During a camping trip, there are always some challenges or unexpected issues happening. While they are probably no matter to young ones, as an elderly, you might feel they’re worse. To avoid bad outdoor experiences, follow our top camping tips for older people.
Think About Camping In A Recreational Vehicle
It’s because a recreational vehicle cuts off the annoyance of preparation and other stuff of tent camping while still giving you a wonderful outdoor experience and enjoying nature. You don’t have to pack and unpack things, carry stuff on your back, or set up a tent when you arrive.
A big bonus is that most recreational vehicles come with a bed, pillows, mattress, and blankets (or, you can bring yours along the trip) for a warmer, more comfortable night’s slumber.
Don’t worry if you have no RV because these days, it is very easy and affordable to rent one.
Tent Camping Tips For Older People
If you still love to go camping and sleep in a tent, choosing the right tent is very important.
Aside from following the tent requirements of the campsite where you intend to go, there are four factors to consider:
- Ventilation – A camping tent with large windows brings good ventilation, therefore, you won’t feel claustrophobic when in a small, close space
- Tent size – Make sure its interior is large enough for you and your packing. Consider a larger tent with separate rooms for different activities, such as reading.
- High ceiling – To prevent you from bending down to walk around inside the tent, which might hurt your back and neck. Additionally, a camping tent with a higher ceiling will fit the height of your mattress well.
- Tent material – Opt for a high-quality nylon tent instead of a canvas because it’s lightweight and easy to install/uninstall.
Bring Some Tarps
Packing extra tarps is always necessary as a backup plan if the weather suddenly turns bad. Otherwise, hanging tarps above your tent provides extra shade for comfort or spreading them inside the tent during heavy rains prevents water from sipping in.
Long story shorts, they will come in handy in different unexpected situations.
Bring at least two tarps.
Campgrounds For Adults Only
They are a tent camping site for 18+ campers only and have a lot of extra conveniences. For example, golf courses, game rooms, lounges, and recreational vehicle hook-ups.
The best part is they have special amenities for 60+ campers. You won’t feel lonely here because there are a lot of older people who might have the same hobbies or interests as you to start conversations with.
Choose A Campsite That You Can Park Your Rv/Car Nearby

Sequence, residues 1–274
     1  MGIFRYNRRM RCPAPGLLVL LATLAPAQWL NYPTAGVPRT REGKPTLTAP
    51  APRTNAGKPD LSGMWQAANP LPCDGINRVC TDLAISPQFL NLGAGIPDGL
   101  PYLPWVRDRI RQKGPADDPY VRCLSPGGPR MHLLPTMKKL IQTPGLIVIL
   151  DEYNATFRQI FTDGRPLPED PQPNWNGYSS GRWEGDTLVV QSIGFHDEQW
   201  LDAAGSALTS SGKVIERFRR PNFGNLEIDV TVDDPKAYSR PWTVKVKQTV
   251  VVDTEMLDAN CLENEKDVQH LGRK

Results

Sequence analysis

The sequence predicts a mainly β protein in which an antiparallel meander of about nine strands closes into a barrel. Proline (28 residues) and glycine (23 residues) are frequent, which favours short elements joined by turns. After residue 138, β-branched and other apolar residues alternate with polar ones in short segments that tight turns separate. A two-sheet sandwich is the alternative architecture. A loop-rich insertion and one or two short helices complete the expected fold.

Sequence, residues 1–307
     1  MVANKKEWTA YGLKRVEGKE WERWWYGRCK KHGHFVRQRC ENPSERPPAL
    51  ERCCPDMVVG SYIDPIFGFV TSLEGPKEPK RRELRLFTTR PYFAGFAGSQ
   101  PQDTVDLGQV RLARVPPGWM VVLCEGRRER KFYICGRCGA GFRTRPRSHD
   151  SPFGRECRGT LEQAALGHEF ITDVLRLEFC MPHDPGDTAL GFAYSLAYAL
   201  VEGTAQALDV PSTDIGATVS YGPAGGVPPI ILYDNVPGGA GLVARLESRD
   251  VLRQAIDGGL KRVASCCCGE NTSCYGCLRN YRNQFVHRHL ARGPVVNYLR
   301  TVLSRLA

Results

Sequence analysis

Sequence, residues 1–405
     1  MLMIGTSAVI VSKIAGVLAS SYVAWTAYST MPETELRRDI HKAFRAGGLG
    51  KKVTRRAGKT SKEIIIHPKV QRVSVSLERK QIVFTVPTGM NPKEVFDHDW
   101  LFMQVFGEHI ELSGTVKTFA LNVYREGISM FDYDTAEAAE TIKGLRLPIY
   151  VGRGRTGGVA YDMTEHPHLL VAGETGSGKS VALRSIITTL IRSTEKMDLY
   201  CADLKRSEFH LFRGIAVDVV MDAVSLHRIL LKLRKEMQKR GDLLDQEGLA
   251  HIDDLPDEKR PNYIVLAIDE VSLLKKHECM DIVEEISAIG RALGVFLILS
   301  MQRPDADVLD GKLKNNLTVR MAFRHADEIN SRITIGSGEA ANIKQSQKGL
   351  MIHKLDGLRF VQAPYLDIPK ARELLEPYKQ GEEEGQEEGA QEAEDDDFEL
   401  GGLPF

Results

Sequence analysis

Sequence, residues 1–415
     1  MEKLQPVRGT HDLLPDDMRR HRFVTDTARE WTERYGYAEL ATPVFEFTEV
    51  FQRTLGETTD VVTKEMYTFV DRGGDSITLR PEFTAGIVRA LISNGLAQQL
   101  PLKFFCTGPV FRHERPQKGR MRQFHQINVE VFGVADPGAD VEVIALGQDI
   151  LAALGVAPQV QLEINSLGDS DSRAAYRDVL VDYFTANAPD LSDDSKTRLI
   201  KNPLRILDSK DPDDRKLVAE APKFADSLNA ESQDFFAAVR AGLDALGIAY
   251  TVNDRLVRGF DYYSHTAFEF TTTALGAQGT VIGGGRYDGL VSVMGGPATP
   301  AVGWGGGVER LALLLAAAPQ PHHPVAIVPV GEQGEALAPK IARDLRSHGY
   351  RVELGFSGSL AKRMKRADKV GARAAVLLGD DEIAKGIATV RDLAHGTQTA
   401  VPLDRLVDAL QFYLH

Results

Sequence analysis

So, you don’t have to take long walks to a camping spot. This saves your back, neck, and shoulders from carrying bulky and heavy gear.
It’d be better if that campsite has certain food storage policies that you can store your provisions there.
By parking your car/RV near to the campsite, all you need to do is unload your stuff.
Bring Your First Aid Kit
Always check with your doctor before any camping trip to make sure your health status is good enough to join it, especially if you have any ongoing medical conditions.
Remember to pack your medicines and follow your usual regime during the trip.
Besides, bring sunscreen, bug repellant, bandages, painkillers, sting relief cream, and plasters to treat common sickness.
How to deal
Headaches, pains, and aches
Tylenol or advil
Outdoor activities are an inevitable part of any camping trip.
For older people, you should go for those that don’t require too much strength and energy.
Considering your physical health status and duration, you can try jogging, trekking, kayaking, or bird watching.
There commonly is a special diet for older people, which might be significantly different from the young ones.
From that point, when preparing camping meals, you should make your own menu. Keep it as simple and easy to prepare as possible. Make sure these foods are low-sugar, low-fat, and low-salt.
Bring more fruits and veggies.
Mattress, Blanket, And Pillows
For older campers, the demand for getting comfort during night’s slumber is higher. Therefore, we highly recommend bringing your mattress, pillows, and blanket.
If you are going to buy new ones, consider an air mattress because it’s comfortable, quick to inflate, and compact after deflating.
There might be a lot of less-critical issues happening during your camping trip, and here is how to deal with each of them:
- Feel too cold at night – put on a warm hat, bring a hot water bottle to sleep with you, wear thick socks to bed
- Noise from night insects and animals, like prowling zombies, frogs, and crickets – wear ear plugs
- Feel too hot – bring a high-quality battery-powered fan
Besides, always make sure other members of your camping group know where you’re going to be. Bring a phone and a flashlight with you for emergencies.
With the top camping tips for older people as listed above, we hope your next camping trips are more comfortable and joyful. If you have any questions for us, don’t hesitate to leave them in the comment section down below.
Finally, thanks for reading!